January 15, 2020

It was a "dull," "plodding" Democratic debate in Iowa this week in which none of the six candidates came away looking particularly good, according to MSNBC's Morning Joe.

The panel on Morning Joe weighed in Wednesday on the latest Democratic debate, and Joe Scarborough once again didn't come away feeling great about it.

"Nobody looked good on the debate stage last night," Scarborough said, noting that "everybody" he's been talking to has come to the same conclusion. "It was probably everybody's weakest performance."

Analyst John Heilemann, meanwhile, concluded "it was a dull and plodding debate" that didn't fundamentally change the race and for the most part will "quickly fade from memory."

Later, Scarborough concluded the "whining and whimpering" Democratic candidates are "still not ready for prime time," which should "send a chill up Democrats' spines." He was particularly bothered by the focus in the debate on the 2018 conversation between Sens. Elizabeth Warren (D-Mass.) and Bernie Sanders (I-Vt.); Warren has claimed Sanders told her a woman couldn't be elected president in 2020, which Sanders denies.

"Our government, and everything that we have believed that it was striving to be, is at risk, and Democrats are debating what somebody may have said on the telephone two years ago," Scarborough said. "Kids are watching the show this morning, so I can't tell you what I think that is. I'll just say, that's messed up." Brendan Morrow

2:30 p.m.

Mort Drucker, the beloved artist known for his work at MAD magazine, has died at 91.

Drucker died Wednesday at his home in New York, his friend John Reiner confirmed to The New York Times. Reiner told CNN's Jake Tapper his death was not thought to be related to COVID-19.

After joining MAD in 1956, Drucker's hilarious caricatures satirizing pop culture soon became iconic, and he illustrated more than half of the magazine's movie parodies from the 1960s through 2008, per the Times. In a 2000 interview with the Times, he noted, "I think I've drawn almost everyone in Hollywood."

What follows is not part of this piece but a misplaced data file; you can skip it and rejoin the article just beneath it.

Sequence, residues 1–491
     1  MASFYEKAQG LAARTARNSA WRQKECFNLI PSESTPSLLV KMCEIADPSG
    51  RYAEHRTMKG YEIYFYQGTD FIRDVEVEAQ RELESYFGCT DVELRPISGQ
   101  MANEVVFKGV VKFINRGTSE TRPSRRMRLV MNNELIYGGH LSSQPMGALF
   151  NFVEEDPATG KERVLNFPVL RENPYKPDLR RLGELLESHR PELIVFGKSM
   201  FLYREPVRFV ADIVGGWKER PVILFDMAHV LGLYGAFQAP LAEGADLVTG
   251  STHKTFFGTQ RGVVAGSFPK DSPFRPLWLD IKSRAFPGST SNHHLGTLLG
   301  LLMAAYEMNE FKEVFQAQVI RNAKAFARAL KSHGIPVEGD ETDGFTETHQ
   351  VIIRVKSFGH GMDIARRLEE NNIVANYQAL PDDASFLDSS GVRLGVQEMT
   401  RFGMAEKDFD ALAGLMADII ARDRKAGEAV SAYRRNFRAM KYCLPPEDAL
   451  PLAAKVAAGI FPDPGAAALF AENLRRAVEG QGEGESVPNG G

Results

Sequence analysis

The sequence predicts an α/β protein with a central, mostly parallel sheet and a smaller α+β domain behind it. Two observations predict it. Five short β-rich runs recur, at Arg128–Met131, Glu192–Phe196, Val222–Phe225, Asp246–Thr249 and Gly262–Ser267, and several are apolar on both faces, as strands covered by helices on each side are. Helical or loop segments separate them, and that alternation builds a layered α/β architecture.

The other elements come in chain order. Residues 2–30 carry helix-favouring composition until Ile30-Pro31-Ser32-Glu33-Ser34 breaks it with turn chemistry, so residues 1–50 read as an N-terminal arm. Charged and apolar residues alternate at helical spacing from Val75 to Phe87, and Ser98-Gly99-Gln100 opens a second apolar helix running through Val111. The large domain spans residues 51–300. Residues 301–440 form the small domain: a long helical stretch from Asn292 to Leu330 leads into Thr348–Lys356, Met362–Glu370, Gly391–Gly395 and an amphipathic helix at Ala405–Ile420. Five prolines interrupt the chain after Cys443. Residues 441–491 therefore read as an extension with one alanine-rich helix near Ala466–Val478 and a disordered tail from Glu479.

Among Drucker's other notable work includes the poster for George Lucas' American Graffiti; according to The Hollywood Reporter, Lucas personally drove to Drucker's home on Long Island to convince him to draw it.

"The World has lost a not just an extraordinary talent but a shining example of kindness, humility and humor," the National Cartoonists Society said in a statement.

MAD fans on Thursday quickly began sharing their favorite cartoons from Drucker's legendary career, including his parodies of Jaws and Star Wars. "Many of his illustrations are as vivid in my mind as the movies and TV shows that inspired them," The New York Times' Dave Itzkoff wrote.

Reiner told CNN's Jake Tapper that Drucker's final words to him were, "I'm the luckiest man — I've had a wonderful life." Brendan Morrow

2:11 p.m.

First lady Melania Trump is officially donning a face mask during the COVID-19 pandemic, although the jury's still out on whether her husband will follow suit.

In a social media post Thursday, the first lady shared a photo of herself wearing what appears to be a surgical mask, touting the Centers for Disease Control and Prevention's recommendation "to wear cloth face coverings."

"Remember, this does NOT replace the importance of social distancing," she wrote. "It is recommended to keep us all safe."

Melania's masking comes one week after President Trump announced he would not be wearing a mask, despite the CDC-issued guidelines urging people to do so. At the time, Trump implied that it would be odd to be "sitting in the Oval Office, behind that beautiful Resolute Desk" while wearing a mask, so it's unclear how he's taking this news.

The photo of the first lady appears to show her wearing a surgical mask rather than the CDC-recommended "cloth face covering," the former of which is recommended only for use by health care professionals and medical first responders amid critical supply shortages.